J. Wash. Acad. Sci. 12: 256. 1922.
Stems terete, densely woolly-hairy. Leaves pungent, densely woolly-hairy, with obscurely glandular or eglandular bristles; stipules pectinate, 2–5 × 3–8 mm, with obscurely glandular or eglandular bristles or hairs; petiole with obscurely glandular or eglandular bristles or hairs; blade roughly symmetric, 3–6 × 2–7 cm, deeply (3–) 5–7 (–9) -lobed, middle lobe longer than lateral lobes, margins entire or serrate; abaxial fine veins weakly to moderately raised but obscured by pubescence, abaxial nectaries absent. Floral bracts pinnatifid, 16–28 × 14–28 mm, margins entire or dentate, with obscurely glandular or eglandular bristles or hairs. Flowers: floral-tube cuplike, 3–5 mm deep; sepals white, 13–23 × 5–9 mm; petals white, 14–20 × 5–8 mm; corona filament whorls 5–6, outer 2 whorls purple to magenta basally, white medially, pale-pink apically, linear, terete, 10–17 mm. Berries green to pale yellow-green, ovoid, 2–3 × 15–25 mm.
Phenology: Flowering Jul–Aug.
Habitat: Deserts and desert grasslands, urban areas and disturbed sites, usually near adequate water run-off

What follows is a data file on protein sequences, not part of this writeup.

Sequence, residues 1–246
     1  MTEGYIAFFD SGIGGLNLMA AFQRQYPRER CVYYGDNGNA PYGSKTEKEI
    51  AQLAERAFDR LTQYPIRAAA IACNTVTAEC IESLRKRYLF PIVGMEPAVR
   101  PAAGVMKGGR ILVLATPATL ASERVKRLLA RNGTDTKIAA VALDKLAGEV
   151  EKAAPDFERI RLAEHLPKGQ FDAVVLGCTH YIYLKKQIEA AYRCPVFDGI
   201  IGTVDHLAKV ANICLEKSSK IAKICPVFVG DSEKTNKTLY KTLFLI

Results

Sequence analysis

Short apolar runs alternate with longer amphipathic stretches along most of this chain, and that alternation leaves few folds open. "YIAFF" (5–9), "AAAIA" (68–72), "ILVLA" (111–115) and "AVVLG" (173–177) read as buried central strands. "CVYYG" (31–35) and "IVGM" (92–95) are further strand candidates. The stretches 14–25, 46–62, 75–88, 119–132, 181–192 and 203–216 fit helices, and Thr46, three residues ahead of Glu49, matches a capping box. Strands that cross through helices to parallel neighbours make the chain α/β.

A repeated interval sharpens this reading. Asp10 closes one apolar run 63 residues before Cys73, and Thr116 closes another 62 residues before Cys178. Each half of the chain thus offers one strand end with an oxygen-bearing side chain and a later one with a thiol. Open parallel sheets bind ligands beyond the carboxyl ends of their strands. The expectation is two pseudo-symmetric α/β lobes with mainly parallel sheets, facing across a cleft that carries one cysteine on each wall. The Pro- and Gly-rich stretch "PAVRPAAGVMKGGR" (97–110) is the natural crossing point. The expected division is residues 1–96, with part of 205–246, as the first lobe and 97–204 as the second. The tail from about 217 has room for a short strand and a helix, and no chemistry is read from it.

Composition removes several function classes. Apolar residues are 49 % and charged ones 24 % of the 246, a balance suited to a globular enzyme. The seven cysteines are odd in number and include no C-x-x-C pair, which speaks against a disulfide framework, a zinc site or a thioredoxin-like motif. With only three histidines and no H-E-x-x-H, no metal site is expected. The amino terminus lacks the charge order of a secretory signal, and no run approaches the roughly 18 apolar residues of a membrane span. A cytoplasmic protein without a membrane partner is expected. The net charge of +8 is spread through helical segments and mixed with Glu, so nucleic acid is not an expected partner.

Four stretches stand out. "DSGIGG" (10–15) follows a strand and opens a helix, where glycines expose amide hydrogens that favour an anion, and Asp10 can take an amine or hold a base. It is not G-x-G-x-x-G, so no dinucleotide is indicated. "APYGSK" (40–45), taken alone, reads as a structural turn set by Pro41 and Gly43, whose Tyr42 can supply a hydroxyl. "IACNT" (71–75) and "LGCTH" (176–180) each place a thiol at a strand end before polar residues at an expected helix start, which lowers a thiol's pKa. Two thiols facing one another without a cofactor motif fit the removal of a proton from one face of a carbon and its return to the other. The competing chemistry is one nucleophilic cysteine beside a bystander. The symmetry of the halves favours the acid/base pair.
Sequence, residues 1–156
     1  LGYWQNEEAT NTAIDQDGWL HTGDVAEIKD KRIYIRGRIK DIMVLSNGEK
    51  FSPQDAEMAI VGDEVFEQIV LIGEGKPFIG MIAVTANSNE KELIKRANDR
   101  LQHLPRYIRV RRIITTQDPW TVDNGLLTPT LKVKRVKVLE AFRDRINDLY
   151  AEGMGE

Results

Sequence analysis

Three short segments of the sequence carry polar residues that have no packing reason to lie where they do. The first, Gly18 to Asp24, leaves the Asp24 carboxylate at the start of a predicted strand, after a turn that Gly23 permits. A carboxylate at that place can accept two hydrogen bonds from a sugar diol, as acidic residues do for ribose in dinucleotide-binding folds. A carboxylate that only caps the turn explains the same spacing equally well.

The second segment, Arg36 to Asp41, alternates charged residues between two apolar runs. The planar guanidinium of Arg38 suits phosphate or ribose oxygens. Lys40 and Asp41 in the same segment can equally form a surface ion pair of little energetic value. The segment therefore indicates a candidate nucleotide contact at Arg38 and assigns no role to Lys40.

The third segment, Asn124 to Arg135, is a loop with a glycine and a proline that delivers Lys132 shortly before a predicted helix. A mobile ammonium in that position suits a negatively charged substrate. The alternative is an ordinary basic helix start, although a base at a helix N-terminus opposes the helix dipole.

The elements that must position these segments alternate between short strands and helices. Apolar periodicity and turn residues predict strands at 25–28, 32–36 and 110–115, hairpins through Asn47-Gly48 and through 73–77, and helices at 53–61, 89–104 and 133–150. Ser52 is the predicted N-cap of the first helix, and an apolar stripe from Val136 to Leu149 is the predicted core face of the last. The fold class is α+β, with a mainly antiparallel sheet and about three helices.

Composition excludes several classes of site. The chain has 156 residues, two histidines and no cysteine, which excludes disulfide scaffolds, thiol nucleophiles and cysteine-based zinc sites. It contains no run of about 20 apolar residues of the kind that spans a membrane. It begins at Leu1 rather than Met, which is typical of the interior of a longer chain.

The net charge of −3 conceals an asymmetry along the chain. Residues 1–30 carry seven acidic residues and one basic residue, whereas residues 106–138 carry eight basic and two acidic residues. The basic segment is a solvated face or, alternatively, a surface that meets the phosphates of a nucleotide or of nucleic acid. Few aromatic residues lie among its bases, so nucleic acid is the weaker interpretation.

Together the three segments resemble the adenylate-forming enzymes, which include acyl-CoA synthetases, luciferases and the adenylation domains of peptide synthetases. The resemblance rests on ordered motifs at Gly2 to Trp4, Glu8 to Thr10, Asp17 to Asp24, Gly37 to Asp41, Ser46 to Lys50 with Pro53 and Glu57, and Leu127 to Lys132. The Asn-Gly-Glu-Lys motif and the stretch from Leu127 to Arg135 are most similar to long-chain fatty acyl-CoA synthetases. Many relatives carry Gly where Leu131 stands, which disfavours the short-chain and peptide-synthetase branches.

Elevation: 300–1200 m
Introduced; Ariz., Mexico (Baja California), Mexico (Baja California Sur), Mexico (Sonora)
In the flora area, Passiflora arida is known only from the vicinity of Tucson, where it is introduced. Although native to desert and semidesert areas, in cultivation, this species readily adapts to mesic conditions, grows aggressively, is self-pollinating, and exhibits rapid seed germination, suggesting that it could become a problematic, widespread weed (D. H. Goldman 2003). In recent years it has been distributed in the horticultural trade and among enthusiasts, misidentified as P. foetida var. arizonica. In greenhouse cultivation this plant can produce leaves less densely hairy and much larger than those described above.